For more on this, I recently shared three tips on how to lower your electric bills, and sealing leaky ducts was number one. A trained HVAC pro can help find hard to identify leaks in your ducts, and a trained window pro can help you seal your doors and windows against energy inefficiencies.
Energy Efficient Home Checklist Step #4: Add or Upgrade Insulation
Simply put, insulation supports the energy efficiency of the rest of your HVAC system. Without insulation, the air that your HVAC system warms and cools is far more likely to leak outside, which means you have to burn more energy to replace it. Walls and ceilings are two of the biggest areas for hot and cold air loss, depending on the season. Adding or upgrading insulation in these areas is no small task, and I’d highly recommend bringing in a professional, but getting this work done is definitely worthwhile. A good insulation job can reduce the cost of heating and cooling by a whopping 40%. I recently talked about the benefits and advantages of summer insulation, and this advice applies to winter too.
Whole House Approach Energy Efficiency Checklist Step #5: Invest in a Modern HVAC System
When was the last time you got your HVAC system replaced? If you can’t remember, or if the answer is anywhere near double digits, it may be time for a new, more efficient unit. The average HVAC system’s lifespan is between 10 and 15 years. Recently, though, I’ve been suggesting that homeowners air on the side of having it fixed earlier rather than later since new technology like smart thermostats can save so much energy that they make the early investment worth it. The U.S. Department of Energy estimates that a programmable or smart thermostat can save the average homeowner about $180 a year in heating and cooling costs.
Energy Efficiency Checklist Step #6: Have Your Windows Professionally Replaced
Windows are such a great investment when it comes to a whole house approach to energy efficiency. In fact, the U.S. Department of Energy reports that investing in energy efficient windows can reduce heating and cooling costs by about $500 annually, and that’s a national total that may be even higher here in Northern California where warm temperatures require above average AC use in the summer. New windows can also add value to your house by increasing its aesthetic appeal. I suggest working with a window installation professional to learn more about the options that fit the unique needs of your home.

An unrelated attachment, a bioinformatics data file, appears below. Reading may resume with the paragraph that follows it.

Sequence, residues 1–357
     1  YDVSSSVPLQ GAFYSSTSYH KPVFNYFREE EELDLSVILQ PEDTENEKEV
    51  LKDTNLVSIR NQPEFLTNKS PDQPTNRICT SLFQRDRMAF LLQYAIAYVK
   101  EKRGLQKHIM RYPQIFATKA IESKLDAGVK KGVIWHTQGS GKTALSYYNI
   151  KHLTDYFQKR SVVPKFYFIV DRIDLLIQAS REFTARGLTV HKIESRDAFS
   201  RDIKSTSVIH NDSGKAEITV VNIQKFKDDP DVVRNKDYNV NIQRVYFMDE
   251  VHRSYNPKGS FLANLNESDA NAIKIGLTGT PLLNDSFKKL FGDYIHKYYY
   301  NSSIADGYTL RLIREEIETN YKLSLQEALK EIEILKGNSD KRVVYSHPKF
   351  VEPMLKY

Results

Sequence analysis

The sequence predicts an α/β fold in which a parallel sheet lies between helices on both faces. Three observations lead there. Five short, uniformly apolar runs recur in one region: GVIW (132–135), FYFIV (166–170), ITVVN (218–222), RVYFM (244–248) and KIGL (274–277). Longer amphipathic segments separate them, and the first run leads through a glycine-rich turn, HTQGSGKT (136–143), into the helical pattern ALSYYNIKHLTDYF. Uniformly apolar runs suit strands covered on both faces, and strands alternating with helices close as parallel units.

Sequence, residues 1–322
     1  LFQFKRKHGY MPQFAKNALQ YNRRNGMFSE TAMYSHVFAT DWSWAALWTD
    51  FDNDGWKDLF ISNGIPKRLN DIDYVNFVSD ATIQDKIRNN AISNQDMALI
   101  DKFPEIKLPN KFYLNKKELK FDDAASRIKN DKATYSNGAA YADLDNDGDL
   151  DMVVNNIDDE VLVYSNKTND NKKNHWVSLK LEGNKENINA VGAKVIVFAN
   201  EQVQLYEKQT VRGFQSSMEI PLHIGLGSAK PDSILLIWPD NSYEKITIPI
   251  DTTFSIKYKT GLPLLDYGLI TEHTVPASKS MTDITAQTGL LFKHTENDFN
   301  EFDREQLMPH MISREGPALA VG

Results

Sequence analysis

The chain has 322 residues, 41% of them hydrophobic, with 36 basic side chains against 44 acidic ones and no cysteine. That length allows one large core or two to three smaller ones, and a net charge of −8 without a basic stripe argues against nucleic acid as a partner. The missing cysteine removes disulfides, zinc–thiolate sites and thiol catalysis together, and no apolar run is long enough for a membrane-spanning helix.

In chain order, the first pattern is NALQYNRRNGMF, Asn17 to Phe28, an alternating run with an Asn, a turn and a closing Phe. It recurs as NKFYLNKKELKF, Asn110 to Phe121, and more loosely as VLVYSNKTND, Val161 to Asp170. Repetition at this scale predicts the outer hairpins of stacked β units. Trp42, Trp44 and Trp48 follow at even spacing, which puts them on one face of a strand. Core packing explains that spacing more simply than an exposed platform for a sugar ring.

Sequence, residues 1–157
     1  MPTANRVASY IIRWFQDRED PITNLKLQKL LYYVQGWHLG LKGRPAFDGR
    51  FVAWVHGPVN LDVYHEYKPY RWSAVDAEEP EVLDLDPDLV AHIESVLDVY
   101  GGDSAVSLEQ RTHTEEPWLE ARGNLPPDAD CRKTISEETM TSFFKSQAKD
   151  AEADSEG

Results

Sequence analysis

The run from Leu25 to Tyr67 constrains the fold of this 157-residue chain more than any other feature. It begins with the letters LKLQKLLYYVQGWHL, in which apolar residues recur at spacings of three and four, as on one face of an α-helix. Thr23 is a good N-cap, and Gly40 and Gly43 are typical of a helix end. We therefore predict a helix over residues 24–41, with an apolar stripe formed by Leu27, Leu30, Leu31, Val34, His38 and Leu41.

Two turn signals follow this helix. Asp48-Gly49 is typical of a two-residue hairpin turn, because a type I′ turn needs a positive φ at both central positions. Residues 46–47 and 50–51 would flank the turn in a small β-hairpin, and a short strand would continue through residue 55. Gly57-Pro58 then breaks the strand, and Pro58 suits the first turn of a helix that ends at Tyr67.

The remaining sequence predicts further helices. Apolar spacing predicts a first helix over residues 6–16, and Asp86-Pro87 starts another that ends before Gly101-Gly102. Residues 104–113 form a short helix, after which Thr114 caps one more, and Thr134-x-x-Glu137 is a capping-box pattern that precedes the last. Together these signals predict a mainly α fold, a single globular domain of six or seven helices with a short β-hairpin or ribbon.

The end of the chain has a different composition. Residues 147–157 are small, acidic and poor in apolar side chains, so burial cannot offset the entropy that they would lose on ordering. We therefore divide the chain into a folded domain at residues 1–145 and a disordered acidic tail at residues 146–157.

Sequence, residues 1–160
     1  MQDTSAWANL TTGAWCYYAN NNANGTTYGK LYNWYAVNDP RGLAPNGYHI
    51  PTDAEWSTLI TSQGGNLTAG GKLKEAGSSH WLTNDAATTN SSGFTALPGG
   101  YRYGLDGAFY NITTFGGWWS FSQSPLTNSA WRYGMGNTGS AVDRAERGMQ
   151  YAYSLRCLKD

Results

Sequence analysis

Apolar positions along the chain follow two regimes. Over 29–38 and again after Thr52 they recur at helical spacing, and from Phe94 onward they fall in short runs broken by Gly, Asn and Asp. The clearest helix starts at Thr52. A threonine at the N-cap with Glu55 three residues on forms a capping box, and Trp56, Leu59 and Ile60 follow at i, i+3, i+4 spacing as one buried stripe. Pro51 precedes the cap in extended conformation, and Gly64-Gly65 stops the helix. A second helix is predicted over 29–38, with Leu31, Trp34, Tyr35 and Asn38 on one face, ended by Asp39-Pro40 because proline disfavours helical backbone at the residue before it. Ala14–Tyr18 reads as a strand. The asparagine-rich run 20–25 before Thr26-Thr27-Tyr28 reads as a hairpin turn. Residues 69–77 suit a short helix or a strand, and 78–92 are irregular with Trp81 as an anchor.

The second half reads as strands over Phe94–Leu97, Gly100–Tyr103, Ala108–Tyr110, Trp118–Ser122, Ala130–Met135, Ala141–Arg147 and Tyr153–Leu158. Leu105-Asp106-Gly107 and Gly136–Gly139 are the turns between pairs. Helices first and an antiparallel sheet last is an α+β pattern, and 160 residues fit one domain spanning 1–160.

Any one of these energy efficiency upgrades will save you a bit of money by itself, but if you work with an experienced professional who can coordinate them so they’re all working in tandem, you can not only reach the baseline we set way back in step number one, but you can easily surpass it.
When you combine sealed windows, doors, and ducts with a smart thermostat, insulation, and energy efficient windows, you won’t have to run your AC or heater very much at all. The warm or cool air your HVAC system generates will hang out so long, you might get tired of being so comfortable and having energy bills that are so low. Wait, that’s silly, there’s not a person alive who’d get tired of that.
Learn more about how our HVAC, window, and plumbing experts can help you take a whole house approach to energy efficiency. Contact the experienced professionals at Bell Brothers today.
Image courtesy Unsplash user NeONBRAND